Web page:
Now Playing! Giving Thanks for Bruce Lee, Avant-Garde Film and ‘Uncle Frank’

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Still from Linda Scobie's 'Decked Out,' 2014. (Courtesy SF Cinematheque)

Thanksgiving is frankly weird this year, and the movie gods have concocted an unusually eclectic brew to accompany the turkey, turducken and tofurkey. It’s deities’ way of reminding us of the vast variety of the world of cinema.

Bruce Lee’s 80th Anniversary Birthday Blitz
Nov. 27

The charismatic Hong Kong action star and martial artist Bruce Lee was born at the Chinese Hospital in San Francisco on Nov. 27, 1940. A plaque marking the momentous occasion was put up (finally) on the Chinatown building in 2017, but the nearby Chinese Historical Society of America has a higher-wattage homage in store: A major exhibition, We Are Bruce Lee: Under the Sky, One Family, is slated to open next fall. Hop on Facebook any time Friday for a preview, along with tales and tributes to the hometown hero who died in 1973.

Still from Nazli Dinçel's 'Void (4.INABILITY),' 2016. (Courtesy SF Cinematheque)

traveling thru with eyes closed tight
Through Jan. 10, 2021
Online via S.F. Cinematheque
An underrated feature of online exhibition is the elimination of the various hurdles to entry that mark in-person screenings: scheduling, travel, parking and the most devious, inertia. Experimental film triggers another barrier for some people, namely the reluctance to check out something unfamiliar and/or challenging. Here again, streaming smooths the way, especially when the program is free.

traveling thru with eyes closed tight, curated by outgoing S.F. Cinematheque staff member Alix Blevins, is a delicious sampler plate of Bay Area avant-garde filmmaking in the (still-)new century. The nine short works, by Linda Scobie, Kent Long, Christina Battle and other notables, explore light, color, shape and shadow and—this is key—the texture and tactility of film. If you’ve never seen an experimental film, this program is a terrific introduction.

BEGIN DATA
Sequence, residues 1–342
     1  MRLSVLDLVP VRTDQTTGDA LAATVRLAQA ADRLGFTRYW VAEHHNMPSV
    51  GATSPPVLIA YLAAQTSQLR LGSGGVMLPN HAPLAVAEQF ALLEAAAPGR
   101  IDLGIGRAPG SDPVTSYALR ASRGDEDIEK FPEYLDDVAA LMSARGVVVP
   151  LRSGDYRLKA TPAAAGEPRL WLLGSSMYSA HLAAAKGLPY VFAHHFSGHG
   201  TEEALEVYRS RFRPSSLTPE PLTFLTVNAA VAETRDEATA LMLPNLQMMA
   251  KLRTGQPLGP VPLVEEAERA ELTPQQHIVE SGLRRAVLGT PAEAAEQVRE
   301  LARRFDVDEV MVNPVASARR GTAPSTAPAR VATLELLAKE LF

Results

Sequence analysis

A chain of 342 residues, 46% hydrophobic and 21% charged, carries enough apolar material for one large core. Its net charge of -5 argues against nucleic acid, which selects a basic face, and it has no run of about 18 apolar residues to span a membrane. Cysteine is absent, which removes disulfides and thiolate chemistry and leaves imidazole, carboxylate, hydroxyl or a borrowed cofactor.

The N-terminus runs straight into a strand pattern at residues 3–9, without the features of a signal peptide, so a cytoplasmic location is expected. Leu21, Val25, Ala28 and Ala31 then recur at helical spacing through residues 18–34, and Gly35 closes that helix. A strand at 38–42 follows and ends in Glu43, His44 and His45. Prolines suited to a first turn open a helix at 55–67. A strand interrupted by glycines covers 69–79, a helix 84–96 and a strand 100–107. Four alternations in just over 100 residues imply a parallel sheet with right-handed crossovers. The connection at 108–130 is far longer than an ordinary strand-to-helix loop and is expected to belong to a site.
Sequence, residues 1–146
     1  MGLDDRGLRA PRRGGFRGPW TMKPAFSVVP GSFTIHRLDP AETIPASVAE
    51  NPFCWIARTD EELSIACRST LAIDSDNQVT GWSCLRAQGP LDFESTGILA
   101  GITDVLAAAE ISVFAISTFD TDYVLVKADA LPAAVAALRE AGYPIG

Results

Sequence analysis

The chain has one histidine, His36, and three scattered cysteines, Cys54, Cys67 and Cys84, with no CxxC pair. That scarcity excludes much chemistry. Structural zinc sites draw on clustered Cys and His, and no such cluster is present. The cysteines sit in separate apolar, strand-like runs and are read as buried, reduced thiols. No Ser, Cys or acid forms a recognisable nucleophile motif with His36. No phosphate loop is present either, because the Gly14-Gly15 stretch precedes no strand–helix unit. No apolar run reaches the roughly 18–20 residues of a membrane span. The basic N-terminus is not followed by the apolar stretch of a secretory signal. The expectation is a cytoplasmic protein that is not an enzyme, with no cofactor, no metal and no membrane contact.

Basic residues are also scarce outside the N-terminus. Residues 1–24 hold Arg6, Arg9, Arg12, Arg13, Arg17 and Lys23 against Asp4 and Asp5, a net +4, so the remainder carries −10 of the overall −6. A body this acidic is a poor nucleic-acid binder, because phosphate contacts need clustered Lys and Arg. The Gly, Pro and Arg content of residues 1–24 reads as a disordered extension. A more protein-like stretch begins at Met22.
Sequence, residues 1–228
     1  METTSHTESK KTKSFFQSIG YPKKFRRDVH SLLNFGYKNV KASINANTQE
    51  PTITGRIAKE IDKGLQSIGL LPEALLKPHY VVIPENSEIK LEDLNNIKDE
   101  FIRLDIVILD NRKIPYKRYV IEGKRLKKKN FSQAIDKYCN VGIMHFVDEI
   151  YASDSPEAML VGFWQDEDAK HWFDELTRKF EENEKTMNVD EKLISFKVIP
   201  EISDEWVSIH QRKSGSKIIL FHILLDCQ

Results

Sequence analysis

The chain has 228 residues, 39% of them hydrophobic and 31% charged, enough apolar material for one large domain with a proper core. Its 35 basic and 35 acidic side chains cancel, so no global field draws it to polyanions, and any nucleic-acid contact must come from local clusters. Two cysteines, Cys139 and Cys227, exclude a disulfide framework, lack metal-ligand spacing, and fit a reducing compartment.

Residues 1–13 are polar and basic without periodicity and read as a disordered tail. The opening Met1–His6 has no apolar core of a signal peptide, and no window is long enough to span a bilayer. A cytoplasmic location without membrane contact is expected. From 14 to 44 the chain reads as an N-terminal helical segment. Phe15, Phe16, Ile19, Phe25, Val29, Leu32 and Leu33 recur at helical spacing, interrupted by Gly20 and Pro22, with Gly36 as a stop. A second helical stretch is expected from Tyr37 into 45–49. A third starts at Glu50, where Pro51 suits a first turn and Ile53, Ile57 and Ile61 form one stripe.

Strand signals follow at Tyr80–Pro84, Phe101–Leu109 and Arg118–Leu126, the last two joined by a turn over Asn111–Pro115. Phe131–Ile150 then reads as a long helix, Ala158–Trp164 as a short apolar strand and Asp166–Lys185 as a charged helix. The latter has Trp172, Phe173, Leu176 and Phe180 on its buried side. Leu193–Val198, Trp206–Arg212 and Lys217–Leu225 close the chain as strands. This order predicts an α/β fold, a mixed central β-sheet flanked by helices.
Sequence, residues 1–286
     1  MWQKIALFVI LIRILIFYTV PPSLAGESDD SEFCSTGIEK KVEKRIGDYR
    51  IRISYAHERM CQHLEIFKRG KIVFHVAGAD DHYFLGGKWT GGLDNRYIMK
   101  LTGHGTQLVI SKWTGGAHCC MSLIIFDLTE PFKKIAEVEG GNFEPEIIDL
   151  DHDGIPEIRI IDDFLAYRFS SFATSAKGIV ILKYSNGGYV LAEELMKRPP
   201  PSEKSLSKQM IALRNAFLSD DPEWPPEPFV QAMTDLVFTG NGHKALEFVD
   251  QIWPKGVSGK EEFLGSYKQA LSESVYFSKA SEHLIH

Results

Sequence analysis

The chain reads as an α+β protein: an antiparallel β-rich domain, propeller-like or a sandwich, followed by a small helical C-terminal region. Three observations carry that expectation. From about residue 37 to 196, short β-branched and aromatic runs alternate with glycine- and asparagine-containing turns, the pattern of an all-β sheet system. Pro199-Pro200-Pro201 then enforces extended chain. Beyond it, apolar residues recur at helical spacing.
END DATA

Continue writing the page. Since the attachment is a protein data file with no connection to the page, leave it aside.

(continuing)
The BlaQ ArTed Short Film Fest
Through Nov. 28
Online via the East Bay Queer Healing Arts Center

Avant-garde films—almost all short films, in fact, whatever the genre—are personal. The BlaQ ArTed Short Film Fest, though, takes “personal” to a whole ’nother level. The filmmakers are Black queer, trans and nonbinary youth, which means they are gutsily exposing and exploring their identities and voices in public—that is, through their films.

Hilda Ameyaw, Miaya Potter, Eddrena Hall, Silvia Gathundu, Leo Sherman, Meeow (Lottie) Fultz, Zena West, Shay House and Maya GoGodfrey’s work was curated by founder Kin Folkz into a rare festival that incorporates art, activism, education, community and pride.

Paul Bettany and Sophia Lillis star in 'Uncle Frank.' (Photo: Brownie Harris; Courtesy of Amazon Studios)

Uncle Frank
Now streaming
Amazon Prime

Shame overrides pride for an unhealthy chunk of Alan Ball’s journey to the past, which he could have called Southern Discomfort. The Atlanta native’s Oscar win for American Beauty (1999) rocketed him to screenwriter stardom and, in turn, propelled his HBO series Six Feet Under and True Blood. Here he rolls all the way back to early-1970s South Carolina in a perfectly fine but unmemorable coming-of-age tale of closeted self-loathing and unsuccessful escapes.

Uncle Frank is Frank Bledsoe (a disarming Paul Bettany), who fled his small town and grew up to be an openly gay literature professor in New York City. In the movie’s prologue at a Bledsoe family get-together, he encourages his 14-year-old niece Beth (Sophia Lillis) not to be limited by their kin or their surroundings. Easier said than done, of course.

Four years later, Beth is a college freshman in New York, so good on her. But we don’t get to spend a lot of time in Manhattan with Beth and Uncle Frank and Wally, his longtime companion (though the movie doesn’t use the term, in one of its endless ploys to circumvent cliché), before a death in the family pulls everyone back below the Mason-Dixon Line. (South Carolina is played onscreen by North Carolina.)

It’s easy to identify with, and pull for, the dual protagonists, although both characters are somewhat underdeveloped. Indeed, at bottom, our affection for Frank and Beth is the element that carries us all the way through the film. The adolescent recollections and adult revelations that Ball dispenses feel dated, and not just because Uncle Frank is a period piece.

Of course, teens still struggle with their sexual orientations, and the acceptance of their families (or lack of). Uncle Frank offers them a narrow ray of light, not sufficient to navigate to a coastal capital, but possibly enough to ward off the deepest darkness of adolescence.